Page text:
Ghosts, goblins, candy corn...sexy costumes for preschoolers? That's right. With Halloween just a few weeks away, Amazon's U.K. site has come under fire for selling a bunch of provocative costumes—for girls as young as FOUR.
Sure, we've seen this type of thing before—just last year, mom Lin Kramer penned a fiery viral open letter to Party CIty over the retailer's sexualized Fright Night selection for little girls. The difference this time, though, is that these costumes were actually being advertised with the word "sexy" in the title.
There's the sexy school girl, the sexy French maid, the sexy insect. (Because aren't all insects sexy?) And get this: All of these coquettish get-ups—made by Hong Kong-based lingerie retailer Silvia's Wand—were being marketed to girls ages 4 and 5.
Kinda screwed up, right? I mean, we know gender stereotyping tends to ramp up around Halloween. But why target girls so young? And, more importantly, where are the "regular" versions of all these costumes? Regular nurse, regular firefighter, regular school teacher. Why do our girls have to wear "sexy" versions of these things? Why can't we give them something real to aspire to? I mean, when was the last time you got your flu shot from a nurse rocking fishnets and a short skirt?
According to experts, the early sexualizing of Halloween costumes sends a dangerous message to our daughters. "Girls are learning at the youngest ages that their value comes from how they look," Peggy Orenstein, author of Cinderella Ate My Daughter: Dispatches from the Front Lines of the New Girly-Girl Culture, told CNN. "Sexuality is imposed upon them inappropriately, and they are encouraged to define their bodies not by how their bodies feel to themselves, but by how they look to others."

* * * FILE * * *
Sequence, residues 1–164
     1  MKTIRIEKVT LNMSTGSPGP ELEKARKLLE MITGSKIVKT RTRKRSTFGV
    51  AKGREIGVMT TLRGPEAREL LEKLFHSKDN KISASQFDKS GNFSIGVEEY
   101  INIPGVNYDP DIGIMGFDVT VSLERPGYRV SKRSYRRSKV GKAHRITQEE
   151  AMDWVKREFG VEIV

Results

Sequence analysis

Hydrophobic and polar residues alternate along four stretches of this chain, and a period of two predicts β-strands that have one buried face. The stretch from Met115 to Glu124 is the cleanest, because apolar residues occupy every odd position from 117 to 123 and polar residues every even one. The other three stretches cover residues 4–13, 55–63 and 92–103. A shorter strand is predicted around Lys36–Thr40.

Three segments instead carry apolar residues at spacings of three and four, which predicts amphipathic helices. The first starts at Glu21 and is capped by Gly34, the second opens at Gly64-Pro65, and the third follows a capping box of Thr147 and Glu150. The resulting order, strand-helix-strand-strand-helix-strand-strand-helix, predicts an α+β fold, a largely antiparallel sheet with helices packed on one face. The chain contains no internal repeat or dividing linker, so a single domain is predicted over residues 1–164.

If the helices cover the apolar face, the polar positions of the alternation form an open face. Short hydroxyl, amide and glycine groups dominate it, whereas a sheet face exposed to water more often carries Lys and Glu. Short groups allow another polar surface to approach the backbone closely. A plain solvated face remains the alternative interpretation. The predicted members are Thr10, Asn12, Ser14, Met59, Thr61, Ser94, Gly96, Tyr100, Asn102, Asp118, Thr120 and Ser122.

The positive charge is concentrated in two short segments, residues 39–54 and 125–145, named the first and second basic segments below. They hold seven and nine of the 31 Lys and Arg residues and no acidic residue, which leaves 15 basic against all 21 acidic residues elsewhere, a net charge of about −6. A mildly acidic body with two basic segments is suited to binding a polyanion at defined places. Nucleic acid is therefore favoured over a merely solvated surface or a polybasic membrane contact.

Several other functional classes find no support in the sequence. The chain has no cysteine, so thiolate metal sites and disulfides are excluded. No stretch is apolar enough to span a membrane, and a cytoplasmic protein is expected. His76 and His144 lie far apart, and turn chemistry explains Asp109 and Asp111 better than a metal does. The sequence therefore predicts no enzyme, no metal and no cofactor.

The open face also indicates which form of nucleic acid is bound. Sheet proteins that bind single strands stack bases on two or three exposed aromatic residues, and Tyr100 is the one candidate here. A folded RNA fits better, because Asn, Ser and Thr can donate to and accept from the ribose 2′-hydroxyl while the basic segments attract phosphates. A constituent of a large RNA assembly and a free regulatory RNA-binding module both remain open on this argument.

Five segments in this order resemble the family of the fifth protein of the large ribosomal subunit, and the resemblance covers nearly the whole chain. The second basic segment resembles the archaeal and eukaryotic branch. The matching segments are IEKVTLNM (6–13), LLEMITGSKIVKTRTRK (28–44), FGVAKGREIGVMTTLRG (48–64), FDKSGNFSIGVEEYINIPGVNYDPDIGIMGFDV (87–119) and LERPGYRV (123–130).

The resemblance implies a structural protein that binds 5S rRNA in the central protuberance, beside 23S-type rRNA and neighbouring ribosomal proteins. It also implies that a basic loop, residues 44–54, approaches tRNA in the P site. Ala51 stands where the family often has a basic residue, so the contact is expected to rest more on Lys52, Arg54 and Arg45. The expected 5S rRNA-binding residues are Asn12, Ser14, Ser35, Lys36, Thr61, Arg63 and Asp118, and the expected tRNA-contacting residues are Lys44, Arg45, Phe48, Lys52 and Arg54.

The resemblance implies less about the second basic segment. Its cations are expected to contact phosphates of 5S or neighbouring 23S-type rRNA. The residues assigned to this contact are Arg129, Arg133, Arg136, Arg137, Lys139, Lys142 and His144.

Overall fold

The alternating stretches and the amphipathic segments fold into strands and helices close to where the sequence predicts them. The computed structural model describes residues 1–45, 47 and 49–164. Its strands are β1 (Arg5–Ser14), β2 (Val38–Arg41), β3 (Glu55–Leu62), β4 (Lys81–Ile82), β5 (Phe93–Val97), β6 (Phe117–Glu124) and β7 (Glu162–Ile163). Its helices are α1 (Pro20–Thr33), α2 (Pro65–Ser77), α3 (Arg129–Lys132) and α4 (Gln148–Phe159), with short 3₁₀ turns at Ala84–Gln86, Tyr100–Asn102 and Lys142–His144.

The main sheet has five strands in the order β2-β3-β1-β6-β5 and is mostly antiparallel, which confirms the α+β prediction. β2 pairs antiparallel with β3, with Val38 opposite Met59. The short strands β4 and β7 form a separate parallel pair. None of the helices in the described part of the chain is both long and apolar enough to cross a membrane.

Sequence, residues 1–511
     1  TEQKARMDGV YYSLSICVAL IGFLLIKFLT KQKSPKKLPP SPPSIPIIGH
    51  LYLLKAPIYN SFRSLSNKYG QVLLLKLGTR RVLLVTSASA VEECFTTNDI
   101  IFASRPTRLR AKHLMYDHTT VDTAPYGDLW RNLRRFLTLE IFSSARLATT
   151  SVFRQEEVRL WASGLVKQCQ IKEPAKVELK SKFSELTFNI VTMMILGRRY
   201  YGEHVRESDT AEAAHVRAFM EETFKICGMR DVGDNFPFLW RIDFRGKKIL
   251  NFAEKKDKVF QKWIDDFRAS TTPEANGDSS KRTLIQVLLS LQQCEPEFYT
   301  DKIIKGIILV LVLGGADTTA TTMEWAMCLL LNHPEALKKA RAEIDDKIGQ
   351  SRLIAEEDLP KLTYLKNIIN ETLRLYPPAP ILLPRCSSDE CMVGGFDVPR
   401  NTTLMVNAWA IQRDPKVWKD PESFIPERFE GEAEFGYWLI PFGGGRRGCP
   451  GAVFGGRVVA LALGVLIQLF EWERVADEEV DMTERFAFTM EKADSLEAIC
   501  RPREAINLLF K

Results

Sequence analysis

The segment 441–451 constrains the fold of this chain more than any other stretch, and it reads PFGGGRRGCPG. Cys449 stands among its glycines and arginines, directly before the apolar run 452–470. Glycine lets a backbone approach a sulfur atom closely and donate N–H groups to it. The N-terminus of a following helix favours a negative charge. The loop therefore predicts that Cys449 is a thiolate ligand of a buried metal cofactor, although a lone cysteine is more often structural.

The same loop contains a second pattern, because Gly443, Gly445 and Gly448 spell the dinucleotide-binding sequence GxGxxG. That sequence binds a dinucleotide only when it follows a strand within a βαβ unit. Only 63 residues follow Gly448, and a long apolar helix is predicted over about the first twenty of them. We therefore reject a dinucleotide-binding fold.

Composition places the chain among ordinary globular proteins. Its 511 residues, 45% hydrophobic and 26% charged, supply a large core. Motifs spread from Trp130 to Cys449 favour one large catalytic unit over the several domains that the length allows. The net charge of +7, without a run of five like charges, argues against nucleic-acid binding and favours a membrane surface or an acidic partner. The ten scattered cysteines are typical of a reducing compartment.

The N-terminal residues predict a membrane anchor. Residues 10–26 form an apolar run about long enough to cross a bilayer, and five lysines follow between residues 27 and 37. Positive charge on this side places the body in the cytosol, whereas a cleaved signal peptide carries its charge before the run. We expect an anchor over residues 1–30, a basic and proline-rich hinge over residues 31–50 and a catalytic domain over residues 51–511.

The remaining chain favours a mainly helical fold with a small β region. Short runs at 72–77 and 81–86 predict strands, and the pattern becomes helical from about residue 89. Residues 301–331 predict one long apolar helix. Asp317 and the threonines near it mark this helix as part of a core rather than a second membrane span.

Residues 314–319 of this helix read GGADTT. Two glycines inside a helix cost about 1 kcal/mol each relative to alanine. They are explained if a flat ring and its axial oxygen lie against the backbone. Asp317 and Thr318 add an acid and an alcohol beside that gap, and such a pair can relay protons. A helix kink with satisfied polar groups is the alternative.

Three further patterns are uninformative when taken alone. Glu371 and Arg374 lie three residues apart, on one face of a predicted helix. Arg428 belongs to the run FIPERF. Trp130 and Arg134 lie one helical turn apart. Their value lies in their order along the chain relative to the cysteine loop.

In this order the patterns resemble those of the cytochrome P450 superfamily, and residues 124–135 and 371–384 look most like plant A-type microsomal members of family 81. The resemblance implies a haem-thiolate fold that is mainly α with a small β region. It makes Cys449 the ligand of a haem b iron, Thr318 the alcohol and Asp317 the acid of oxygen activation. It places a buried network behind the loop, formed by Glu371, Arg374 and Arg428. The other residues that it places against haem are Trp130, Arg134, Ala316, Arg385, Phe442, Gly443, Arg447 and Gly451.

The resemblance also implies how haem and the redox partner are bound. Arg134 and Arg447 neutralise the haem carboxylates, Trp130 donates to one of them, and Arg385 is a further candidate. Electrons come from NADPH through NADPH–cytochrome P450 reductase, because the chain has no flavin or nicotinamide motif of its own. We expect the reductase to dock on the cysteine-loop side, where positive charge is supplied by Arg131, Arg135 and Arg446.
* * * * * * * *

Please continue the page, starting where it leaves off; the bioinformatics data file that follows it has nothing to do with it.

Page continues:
So sad. Which is why child advocacy groups alerted Amazon about the inappropriateness of the racy costumes,and, according to the Daily Mail, they've since been taken off the site. A quick click over to the Party City website reveals that the retailer also seems to have gotten the message. Under the "career" section of girls costumes, parents can find a bunch of fairly authentic uniforms for girls who want to be firefighters, doctors, construction workers, and police officers—with nary a piece of tulle in sight.
Of course, there's still one slinky cop offering that features a skin-tight top, fingerless gloves and a tiny skirt. Sigh. The best part of Halloween is getting to dress up and try on a new identity for the night, so maybe it's time for all of us parents to band together and advocate for retailers to start selling PG-rated costumes that let our daughters do that in an age-appropriate way.